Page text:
Smith: How did Houston sports become so messed up? – Houston Chronicle

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The last 13 months have been tough on Houston’s sports psyche.

What’s next: J.J. Watt telling the football world that the Texans must trade him, too?

The Astrodome being torn down and turned into a parking lot?

The McNair family selling Houston’s NFL team and the franchise relocating to San Antonio?

The Astros winning their first World Series in franchise history, then having a magical trophy tarnished by a sport-changing sign-stealing scandal?

Oh, yeah. That last one already happened. Way back on Jan. 13, 2020. Basically a lifetime ago.

Poor Houston sports.

Sad Houston sports.

Frail and absurdly fractured Houston sports, if we’re all being honest.

And now Deshaun Watson has requested a trade and doesn’t want to play for the Texans anymore.

Ugh. Ugh. Ugh.

Just when you think it can’t get any worse or feel more painful, it does.

The Texans were up 24-0, then were blown out 51-7 the rest of the way by Kansas City in an AFC divisional round playoff game a year ago.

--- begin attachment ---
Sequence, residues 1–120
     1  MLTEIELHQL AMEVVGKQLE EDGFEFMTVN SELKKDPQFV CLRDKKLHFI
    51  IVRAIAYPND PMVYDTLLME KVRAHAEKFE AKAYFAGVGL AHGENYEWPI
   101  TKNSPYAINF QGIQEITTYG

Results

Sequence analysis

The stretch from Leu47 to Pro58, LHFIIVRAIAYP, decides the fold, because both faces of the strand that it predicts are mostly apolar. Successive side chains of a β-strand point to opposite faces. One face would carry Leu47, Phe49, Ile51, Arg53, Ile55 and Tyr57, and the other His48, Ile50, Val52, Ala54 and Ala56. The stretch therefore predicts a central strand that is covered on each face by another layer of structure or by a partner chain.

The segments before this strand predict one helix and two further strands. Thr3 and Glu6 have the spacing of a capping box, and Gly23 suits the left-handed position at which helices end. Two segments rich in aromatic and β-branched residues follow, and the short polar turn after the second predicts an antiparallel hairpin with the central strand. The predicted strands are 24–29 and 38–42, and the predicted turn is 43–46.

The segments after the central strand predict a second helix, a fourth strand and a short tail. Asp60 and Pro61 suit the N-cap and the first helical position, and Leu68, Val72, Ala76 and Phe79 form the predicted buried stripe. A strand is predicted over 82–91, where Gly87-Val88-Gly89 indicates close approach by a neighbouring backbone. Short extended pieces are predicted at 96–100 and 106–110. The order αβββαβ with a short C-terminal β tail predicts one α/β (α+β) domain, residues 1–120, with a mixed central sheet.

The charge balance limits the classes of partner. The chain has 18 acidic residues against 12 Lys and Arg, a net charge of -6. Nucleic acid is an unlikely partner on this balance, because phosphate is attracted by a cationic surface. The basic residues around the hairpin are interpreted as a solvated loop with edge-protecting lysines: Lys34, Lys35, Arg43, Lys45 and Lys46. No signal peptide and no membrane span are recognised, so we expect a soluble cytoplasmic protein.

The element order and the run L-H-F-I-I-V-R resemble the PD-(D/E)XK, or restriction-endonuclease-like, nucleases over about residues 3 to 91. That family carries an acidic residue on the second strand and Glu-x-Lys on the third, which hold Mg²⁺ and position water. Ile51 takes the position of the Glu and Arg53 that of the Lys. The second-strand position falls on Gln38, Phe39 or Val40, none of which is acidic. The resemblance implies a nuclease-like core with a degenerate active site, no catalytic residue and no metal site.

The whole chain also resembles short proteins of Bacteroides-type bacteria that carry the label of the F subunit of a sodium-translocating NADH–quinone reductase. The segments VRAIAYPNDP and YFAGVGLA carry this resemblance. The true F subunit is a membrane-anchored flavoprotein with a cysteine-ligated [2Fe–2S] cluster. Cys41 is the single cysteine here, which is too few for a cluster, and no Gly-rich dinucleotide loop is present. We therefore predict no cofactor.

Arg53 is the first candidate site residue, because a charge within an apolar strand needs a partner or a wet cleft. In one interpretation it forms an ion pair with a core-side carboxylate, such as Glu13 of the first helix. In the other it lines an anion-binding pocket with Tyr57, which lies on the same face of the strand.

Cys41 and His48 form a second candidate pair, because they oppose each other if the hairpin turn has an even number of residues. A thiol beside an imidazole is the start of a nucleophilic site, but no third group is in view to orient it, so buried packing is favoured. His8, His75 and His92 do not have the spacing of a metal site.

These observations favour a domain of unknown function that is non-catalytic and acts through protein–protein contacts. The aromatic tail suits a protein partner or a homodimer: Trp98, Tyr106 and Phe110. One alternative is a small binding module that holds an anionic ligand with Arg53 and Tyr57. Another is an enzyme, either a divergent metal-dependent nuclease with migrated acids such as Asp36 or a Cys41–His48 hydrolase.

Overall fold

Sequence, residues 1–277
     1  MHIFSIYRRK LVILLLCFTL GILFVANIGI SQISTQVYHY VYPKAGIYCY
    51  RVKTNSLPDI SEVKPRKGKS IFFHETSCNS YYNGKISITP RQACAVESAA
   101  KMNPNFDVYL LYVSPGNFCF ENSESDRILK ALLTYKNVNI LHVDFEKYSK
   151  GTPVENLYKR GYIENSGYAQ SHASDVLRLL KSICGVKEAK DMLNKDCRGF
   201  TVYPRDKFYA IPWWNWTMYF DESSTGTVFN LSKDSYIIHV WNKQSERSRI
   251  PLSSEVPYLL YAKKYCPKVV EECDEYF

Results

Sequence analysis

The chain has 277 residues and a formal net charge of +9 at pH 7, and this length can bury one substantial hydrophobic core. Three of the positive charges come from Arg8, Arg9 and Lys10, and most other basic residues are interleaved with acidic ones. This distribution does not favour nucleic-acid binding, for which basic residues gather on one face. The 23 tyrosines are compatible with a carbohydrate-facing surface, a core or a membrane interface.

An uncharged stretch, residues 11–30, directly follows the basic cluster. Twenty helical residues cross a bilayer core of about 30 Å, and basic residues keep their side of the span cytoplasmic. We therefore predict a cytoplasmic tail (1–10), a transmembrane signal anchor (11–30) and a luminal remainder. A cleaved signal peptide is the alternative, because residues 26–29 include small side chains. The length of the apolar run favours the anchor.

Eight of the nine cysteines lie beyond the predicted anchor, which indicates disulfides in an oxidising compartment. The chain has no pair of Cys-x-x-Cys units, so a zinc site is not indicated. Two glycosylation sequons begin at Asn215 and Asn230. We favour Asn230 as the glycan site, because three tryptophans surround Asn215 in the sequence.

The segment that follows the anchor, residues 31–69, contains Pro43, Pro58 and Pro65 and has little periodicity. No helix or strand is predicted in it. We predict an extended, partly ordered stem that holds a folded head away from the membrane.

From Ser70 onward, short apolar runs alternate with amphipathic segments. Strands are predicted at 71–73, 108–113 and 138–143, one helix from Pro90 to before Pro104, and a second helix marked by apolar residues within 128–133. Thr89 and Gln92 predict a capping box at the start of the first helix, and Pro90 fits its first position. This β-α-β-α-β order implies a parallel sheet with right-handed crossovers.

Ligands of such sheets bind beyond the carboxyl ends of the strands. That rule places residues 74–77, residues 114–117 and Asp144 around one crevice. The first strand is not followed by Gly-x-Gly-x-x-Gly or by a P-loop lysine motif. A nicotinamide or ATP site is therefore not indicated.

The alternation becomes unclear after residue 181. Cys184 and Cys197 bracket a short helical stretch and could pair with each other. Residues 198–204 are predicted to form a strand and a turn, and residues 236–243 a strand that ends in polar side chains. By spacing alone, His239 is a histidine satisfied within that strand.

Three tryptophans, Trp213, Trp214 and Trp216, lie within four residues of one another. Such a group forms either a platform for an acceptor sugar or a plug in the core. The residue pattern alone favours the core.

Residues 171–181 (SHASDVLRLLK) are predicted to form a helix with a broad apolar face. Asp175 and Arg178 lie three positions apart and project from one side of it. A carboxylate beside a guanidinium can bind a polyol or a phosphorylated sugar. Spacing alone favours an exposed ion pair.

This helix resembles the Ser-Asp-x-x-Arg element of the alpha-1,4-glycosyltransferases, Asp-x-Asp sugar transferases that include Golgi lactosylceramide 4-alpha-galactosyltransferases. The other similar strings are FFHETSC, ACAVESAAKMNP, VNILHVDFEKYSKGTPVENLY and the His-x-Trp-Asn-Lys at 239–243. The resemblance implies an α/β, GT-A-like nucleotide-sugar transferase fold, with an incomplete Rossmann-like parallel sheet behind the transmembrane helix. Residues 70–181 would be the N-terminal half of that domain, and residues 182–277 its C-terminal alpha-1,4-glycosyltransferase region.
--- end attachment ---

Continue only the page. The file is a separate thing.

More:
A.J. Hinch and Jeff Luhnow were fired by Astros owner Jim Crane a day later.

DeAndre Hopkins was coldly traded for peanuts just as the coronavirus pandemic was kicking in.

Bill O’Brien was fired. Mike D’Antoni walked away. Daryl Morey chose another team over the Rockets. Russell Westbrook was traded. James Harden was traded, joining D’Antoni in Brooklyn. George Springer chose Canada over Texas.

Somewhere in the crazy middle of everything above, Jack Easterby unofficially took over Cal McNair’s Texans.

“Victory minded! Victory hearted! Victory focused! Victory talk! Victory walk! Victory leadership! Victory vision! Victory effort! Victory! Victory! Victory!” Easterby tweeted on New Year’s Eve, apparently unaware what 2021 had in store.

On Sunday, Houston Mayor Sylvester Turner prayed for Watson and the Texans to reconcile before irreparable damage was done. But the broken relationship was already unsalvageable, and the all-knowing entity upstairs apparently ignored Turner’s heartfelt prayer.

“Houston loves @deshaunwatson and the @HoustonTexans,” Turner tweeted. “Houston is a great City that is hungry to back our players and team. As Mayor of a City that is second to none I pray we move forward together.”

If Turner wants to keep Watt in Houston, he should tweet faster next time.

It’s becoming harder and harder to remember what Houston sports were like before they weren’t falling apart.

From 2017-19, there were so many athletic superstars in America’s fourth-largest city that our three most popular pro sports teams making the playoffs felt like a formality and the Chronicle’s annual “Houston 10” feature on top sports figures needed to be expanded to a Houston 20.

Now?

It’s a big deal when Michael Brantley re-signs with the Astros for two years.

Hey! Look! Someone didn’t want to be traded and really wanted to stay!

Thursday’s earth shaker, in many ways, was the largest and most unbelievable destruction to date.